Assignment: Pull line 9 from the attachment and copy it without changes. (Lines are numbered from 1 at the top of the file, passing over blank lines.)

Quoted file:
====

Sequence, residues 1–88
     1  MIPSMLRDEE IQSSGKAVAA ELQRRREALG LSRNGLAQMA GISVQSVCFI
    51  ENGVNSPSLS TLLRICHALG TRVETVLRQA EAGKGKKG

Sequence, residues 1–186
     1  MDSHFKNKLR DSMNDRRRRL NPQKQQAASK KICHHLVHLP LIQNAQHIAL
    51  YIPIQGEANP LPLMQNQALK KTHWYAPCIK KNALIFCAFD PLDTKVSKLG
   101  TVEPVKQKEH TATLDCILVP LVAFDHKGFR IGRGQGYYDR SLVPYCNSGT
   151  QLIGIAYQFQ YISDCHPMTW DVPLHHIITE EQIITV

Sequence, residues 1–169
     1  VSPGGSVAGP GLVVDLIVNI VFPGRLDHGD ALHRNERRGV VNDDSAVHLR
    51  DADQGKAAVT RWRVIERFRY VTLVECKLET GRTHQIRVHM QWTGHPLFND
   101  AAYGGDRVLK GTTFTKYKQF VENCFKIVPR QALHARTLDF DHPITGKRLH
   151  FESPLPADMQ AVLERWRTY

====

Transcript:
Sequence, residues 1–169